Jon Cunliffe, who will join the Bank of England as deputy governor for financial stability next month, said the housing market is not in a bubble as prices are rising from historically low levels.
“It doesn’t look as if there is a bubble,” Cunliffe said in testimony to lawmakers at Parliament’s Treasury Committee in London yesterday. “The picture emerging is that prices are starting to rise, but we’re still coming back from a relatively low base, and of course it’s a patchy picture because there’s quite a dispersion across the country.”
Strengthening property demand coupled with the government’s decision to accelerate a plan to help homebuyers get loans has raised concerns the property market could overheat. BOE Governor Mark Carney has said fears are overplayed, while the EY Item Club said yesterday that Britain is in the midst of misplaced “hysteria” about housing risks.
In written testimony to the committee, Cunliffe, a civil servant who replaces Paul Tucker on Nov. 1, said lending standards need to be watched closely as the property market recovers to “ensure the system does not become overly exposed to a correction in property prices further down the line.”
He also said recent data suggest there are “upside risks” to the Bank of England’s August forecasts, with surveys pointing to “above-trend growth” in the second half. The BOE will publish new projections for economic growth and inflation next month.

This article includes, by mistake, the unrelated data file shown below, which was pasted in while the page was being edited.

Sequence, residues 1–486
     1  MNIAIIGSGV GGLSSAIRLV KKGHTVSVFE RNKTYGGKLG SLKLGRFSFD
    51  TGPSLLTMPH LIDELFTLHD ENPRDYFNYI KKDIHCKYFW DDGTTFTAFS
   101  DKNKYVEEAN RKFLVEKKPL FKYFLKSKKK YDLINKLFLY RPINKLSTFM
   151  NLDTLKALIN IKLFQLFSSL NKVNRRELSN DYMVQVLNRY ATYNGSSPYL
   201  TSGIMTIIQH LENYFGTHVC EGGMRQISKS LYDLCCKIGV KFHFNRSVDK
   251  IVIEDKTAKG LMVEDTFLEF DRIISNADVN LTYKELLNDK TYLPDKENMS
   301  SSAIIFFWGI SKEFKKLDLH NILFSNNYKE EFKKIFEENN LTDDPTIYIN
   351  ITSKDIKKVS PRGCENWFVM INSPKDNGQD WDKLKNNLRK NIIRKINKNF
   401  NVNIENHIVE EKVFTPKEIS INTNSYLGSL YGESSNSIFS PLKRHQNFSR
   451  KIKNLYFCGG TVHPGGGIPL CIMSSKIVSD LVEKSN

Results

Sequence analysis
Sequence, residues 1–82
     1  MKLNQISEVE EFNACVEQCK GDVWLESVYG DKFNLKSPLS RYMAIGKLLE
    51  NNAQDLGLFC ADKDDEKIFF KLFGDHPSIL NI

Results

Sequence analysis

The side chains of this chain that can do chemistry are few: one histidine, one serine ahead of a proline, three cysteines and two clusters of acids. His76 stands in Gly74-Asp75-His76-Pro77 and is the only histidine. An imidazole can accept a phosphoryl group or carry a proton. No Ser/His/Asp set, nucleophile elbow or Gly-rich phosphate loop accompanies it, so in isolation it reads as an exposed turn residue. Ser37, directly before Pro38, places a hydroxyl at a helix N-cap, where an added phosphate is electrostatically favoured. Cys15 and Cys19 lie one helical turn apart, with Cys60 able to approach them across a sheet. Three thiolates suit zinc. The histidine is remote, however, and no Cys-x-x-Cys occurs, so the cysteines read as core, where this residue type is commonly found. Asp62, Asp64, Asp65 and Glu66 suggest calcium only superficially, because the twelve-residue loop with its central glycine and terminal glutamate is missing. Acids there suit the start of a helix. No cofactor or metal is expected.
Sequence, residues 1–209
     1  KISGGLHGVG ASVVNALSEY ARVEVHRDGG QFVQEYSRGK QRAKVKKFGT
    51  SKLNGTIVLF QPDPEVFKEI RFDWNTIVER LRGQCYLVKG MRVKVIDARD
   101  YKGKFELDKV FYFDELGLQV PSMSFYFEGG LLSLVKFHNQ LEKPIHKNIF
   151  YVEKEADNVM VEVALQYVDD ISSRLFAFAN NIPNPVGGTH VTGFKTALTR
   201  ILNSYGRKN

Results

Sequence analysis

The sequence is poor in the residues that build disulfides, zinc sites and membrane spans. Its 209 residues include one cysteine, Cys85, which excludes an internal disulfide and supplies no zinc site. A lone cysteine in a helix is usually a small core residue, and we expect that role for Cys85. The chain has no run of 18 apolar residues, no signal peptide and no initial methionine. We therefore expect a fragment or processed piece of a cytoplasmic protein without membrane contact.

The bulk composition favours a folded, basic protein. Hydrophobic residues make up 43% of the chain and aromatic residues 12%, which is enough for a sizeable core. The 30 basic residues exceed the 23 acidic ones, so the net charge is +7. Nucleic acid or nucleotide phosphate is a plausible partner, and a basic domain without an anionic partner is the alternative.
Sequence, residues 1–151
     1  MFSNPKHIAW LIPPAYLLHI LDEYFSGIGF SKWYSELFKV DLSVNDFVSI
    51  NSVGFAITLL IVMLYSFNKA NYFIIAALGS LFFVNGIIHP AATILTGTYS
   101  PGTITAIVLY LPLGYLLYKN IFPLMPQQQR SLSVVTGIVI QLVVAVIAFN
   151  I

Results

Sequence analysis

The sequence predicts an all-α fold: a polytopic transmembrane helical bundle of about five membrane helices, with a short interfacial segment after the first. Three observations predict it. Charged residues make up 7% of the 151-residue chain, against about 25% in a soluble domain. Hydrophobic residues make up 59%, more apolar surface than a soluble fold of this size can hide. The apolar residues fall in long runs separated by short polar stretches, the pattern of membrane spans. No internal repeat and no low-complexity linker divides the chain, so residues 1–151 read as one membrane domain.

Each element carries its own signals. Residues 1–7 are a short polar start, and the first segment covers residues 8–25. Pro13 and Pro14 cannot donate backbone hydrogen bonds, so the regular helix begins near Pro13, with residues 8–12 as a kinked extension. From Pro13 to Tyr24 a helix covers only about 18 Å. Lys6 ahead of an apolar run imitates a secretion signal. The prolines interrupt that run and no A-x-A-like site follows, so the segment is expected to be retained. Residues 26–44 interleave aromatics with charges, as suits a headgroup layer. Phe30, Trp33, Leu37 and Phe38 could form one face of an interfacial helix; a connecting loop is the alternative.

Cunliffe also said that the euro area remains a risk and its recovery is likely to be weak.
“The experience of the past two years has shown how vulnerable the U.K. economic recovery is, given trade and financial links, to the situation in the euro area,” he said in his written testimony.
During the questioning, he said he doesn’t expect a U.S. default, though regulators and banks need to be prepared.
“One of the lessons of 2007-8 is how shocks can be transmitted so quickly,” he said. “Because there’s an expectation that the political system in the U.S. will find a way through this absolutely does not mean that banks and others should not be planning for it.”
Cunliffe’s most recent position was as Britain’s representative to the European Union, where he was involved in negotiations on the region’s banking union. From 2007 to 2011, he was a U.K. government adviser on Europe and global economic issues, and before that worked in a number of roles in the Treasury.
Tucker will leave the BOE this month and become a senior fellow at Harvard University with appointments at both the Harvard Kennedy School in Cambridge, Massachusetts, and Harvard Business School in Boston. He announced his plan to retire on June 14.
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